Cain - He had (might still have) the chance to be a Ross Perot-style outsider/self-made businessman/populist technocrat while also being an authentic conservative. He had an excellent chance of winning over that fraction of the Republican primary electorate that is interested in conservative authenticity first while also being able to use his background as a businessman outsider to convince those voters that he was competent enough to be trusted with the presidency. Cain's approach was always going to wear thin eventually, but it has decayed faster than I expected. Part of it is that Cain is no Ross Perot, and not just in the size of his net worth. Perot was vague on the answers to the country's problems, but he was a blizzard of facts and charts on the problems themselves. I can't remember a thing he said, but he sure seemed to know what he was talking about on the national debt. This gave him (for a time) the air of an expert outsider who would clean up the mess made by the Washington political class. Cain mostly just reads from the same old script about how he is a problem solving businessman who will get advice from the right people and announce a solution sometime later. Maybe if Bachmann hadn't shown up to give him competition for that portion of the electorate looking for a (nonlibertarian) authentic conservative outsider, he would be doing better. Or maybe not. He won't get very far running as a problem solver if he can't solve the problem of sounding like he is using a line of bs to get through the debates.
Pawlenty - As an Evangelical, strongly pro-life, spending cutting two term governor of a Midwestern state, Pawlenty had an excellent chance to win support from both the part of the Republican electorate that is looking primarily for authentic conservatism and the part that is looking for (conservative-tinged) governing competence. It hasn't worked out that way. His public appearances are one disaster after another. His CPAC speeches treated his audiences like yokels. The moderators in both Republican debates have made him look bad. I caught a few minutes of Pawlenty of the O'Reilly Factor the other day. O'Reilly (who had previously derided Pawlenty as vanilla) asked Pawlenty out for a vanilla sundae with hot fudge. It was actually a shrewd question by O'Reilly, in that there isn't an obvious answer that doesn't make one look like either a weakling or a jerk. I still don't know what I would have said. Pawlenty responded with his common line about not running for comedian-in-chief and rebuffed O'Reilly. It was a weirdly nonresponsive answer. O'Reilly had invited him out for ice cream, not to do set at the Comedy Store. There was probably some way to make Pawlenty's response seem principled, but he not only seemed stiff, his answer was so obviously scripted (it was obviously his stock answer to any question about being boring etc.) that he seemed phony too. I want to like Pawlenty (he would probably get my vote if I had to cast a ballot today), but he isn't showing that he can play the game at this level.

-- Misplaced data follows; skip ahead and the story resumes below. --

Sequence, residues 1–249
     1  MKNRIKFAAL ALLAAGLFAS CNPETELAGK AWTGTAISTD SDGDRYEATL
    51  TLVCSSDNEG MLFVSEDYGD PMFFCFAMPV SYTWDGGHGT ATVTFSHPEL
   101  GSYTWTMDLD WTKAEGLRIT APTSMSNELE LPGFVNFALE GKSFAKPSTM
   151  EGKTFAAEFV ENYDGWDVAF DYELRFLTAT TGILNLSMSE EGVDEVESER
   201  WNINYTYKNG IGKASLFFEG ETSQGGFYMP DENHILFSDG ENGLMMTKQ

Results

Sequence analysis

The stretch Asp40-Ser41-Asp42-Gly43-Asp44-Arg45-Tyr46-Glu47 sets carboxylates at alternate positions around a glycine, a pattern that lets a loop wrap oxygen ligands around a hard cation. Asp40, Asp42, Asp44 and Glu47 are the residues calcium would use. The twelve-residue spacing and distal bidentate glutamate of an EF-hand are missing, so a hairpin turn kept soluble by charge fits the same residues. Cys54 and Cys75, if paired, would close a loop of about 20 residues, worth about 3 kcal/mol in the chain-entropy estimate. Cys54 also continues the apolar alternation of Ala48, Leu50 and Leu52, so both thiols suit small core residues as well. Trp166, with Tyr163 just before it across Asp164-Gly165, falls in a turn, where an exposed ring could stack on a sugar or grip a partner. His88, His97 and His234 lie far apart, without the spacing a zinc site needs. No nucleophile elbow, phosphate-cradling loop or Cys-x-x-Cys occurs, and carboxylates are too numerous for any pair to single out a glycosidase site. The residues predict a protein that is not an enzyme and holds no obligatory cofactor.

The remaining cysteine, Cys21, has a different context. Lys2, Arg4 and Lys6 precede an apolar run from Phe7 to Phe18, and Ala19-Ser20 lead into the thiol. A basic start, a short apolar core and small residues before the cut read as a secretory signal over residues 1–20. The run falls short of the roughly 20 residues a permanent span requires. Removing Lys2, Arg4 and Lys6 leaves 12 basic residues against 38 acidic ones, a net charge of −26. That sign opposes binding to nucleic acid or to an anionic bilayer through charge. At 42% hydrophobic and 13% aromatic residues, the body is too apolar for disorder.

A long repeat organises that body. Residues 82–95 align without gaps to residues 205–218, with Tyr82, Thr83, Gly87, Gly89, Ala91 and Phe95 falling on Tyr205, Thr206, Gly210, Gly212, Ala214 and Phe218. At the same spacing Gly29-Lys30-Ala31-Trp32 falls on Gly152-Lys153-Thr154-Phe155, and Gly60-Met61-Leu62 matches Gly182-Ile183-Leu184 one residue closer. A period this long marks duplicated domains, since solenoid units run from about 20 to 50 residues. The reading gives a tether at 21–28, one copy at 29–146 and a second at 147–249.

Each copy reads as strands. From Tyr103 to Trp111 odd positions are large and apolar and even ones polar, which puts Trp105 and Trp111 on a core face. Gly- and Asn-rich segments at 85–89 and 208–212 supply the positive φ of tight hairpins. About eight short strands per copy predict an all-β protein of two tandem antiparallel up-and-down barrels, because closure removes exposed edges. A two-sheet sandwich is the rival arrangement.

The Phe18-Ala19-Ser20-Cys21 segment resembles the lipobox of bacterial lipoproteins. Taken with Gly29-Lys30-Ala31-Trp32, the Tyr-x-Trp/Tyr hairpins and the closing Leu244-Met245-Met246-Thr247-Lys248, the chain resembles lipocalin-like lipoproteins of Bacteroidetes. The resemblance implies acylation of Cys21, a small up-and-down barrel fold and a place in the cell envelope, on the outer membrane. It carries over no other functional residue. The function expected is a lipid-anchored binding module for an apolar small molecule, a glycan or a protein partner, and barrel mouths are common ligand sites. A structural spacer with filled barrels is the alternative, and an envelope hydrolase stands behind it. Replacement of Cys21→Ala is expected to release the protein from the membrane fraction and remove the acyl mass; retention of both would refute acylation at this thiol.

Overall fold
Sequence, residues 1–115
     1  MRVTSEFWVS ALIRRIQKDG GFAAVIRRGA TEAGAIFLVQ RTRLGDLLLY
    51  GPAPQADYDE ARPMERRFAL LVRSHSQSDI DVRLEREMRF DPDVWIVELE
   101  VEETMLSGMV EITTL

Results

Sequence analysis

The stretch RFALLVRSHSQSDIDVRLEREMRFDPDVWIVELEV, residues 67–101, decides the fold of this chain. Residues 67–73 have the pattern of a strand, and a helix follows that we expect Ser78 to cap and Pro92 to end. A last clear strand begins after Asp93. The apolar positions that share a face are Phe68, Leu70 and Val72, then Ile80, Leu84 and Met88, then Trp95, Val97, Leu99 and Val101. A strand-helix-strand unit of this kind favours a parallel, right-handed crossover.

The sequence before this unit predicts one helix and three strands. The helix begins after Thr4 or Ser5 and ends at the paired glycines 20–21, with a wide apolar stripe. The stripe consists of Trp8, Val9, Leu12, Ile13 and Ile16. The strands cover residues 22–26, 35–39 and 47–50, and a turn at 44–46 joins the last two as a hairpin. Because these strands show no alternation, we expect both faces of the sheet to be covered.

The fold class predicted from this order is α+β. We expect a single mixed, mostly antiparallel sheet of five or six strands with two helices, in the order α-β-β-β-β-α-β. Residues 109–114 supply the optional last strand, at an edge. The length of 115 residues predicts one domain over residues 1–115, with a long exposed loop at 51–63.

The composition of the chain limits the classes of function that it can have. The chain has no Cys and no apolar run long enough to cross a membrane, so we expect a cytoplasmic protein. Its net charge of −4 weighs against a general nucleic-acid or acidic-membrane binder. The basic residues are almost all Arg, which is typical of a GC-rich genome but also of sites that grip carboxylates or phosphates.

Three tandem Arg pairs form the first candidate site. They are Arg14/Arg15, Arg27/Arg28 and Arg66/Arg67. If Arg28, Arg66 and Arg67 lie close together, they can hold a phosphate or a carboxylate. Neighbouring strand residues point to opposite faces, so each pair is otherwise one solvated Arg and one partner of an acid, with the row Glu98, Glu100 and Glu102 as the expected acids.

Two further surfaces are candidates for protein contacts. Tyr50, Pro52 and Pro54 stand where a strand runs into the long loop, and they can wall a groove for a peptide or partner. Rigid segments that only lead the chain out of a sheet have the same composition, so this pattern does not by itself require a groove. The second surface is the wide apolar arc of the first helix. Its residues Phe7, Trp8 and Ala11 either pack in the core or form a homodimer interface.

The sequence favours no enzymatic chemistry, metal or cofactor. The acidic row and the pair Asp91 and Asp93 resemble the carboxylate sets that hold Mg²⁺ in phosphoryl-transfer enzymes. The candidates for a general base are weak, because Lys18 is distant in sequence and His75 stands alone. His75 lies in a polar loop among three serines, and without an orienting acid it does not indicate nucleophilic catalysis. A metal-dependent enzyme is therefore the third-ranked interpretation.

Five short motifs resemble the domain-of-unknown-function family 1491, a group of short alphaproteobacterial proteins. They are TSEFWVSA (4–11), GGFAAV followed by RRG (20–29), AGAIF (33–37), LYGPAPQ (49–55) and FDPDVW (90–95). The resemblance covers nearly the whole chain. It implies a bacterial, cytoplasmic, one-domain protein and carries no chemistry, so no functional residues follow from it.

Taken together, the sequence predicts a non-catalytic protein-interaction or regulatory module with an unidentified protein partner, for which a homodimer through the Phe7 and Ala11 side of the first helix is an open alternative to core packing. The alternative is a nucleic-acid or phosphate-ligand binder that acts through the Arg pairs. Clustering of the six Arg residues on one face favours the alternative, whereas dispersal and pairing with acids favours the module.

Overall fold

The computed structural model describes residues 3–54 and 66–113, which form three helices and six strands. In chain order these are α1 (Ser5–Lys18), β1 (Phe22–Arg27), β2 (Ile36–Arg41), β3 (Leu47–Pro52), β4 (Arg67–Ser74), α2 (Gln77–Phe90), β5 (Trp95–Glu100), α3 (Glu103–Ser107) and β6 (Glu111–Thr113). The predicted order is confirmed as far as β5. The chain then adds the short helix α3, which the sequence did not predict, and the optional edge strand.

Bachmann - She did well in the first debate. As Matt Taibbi pointed out in his otherwise venomous profile, the people who mock her are among her greatest political assets. Every time liberal blogs put together pictures of Bachmann with her mouth wide open so that she looks stupid and crazy, they set expectations that she can easily surpass and they encourage conservatives to choose a side while making it an easy choice. And it works out all the better for her when she shows up as a politician of well above average intelligence and work ethic because it is a big surprise to many. She has travelled around the country and knows her audience. Unlike Pawlenty, she knows that being the first to file a bill repeal Obamacare is a better way to signal conservative authenticity than inviting conservatives to take inspiration from an act of suspected spousal battery. She speaks social conservatism as a first language. She knows how to play to the crowd, but she doesn't come across like she is pandering in the sense of being willing to say things she doesn't believe. I don't know why this hasn't gotten more play, but one of the reasons she did well in the debate (and I think her performance was somewhat overrated) was because she worked at it. She very probably wouldn't be a good general election candidate. I doubt her appeal will prove broad enough to win the Republican presidential nomination. Her biography and affect are appealing to someone looking for an authentically conservative outsider, but less well for those looking primarily for a chief executive.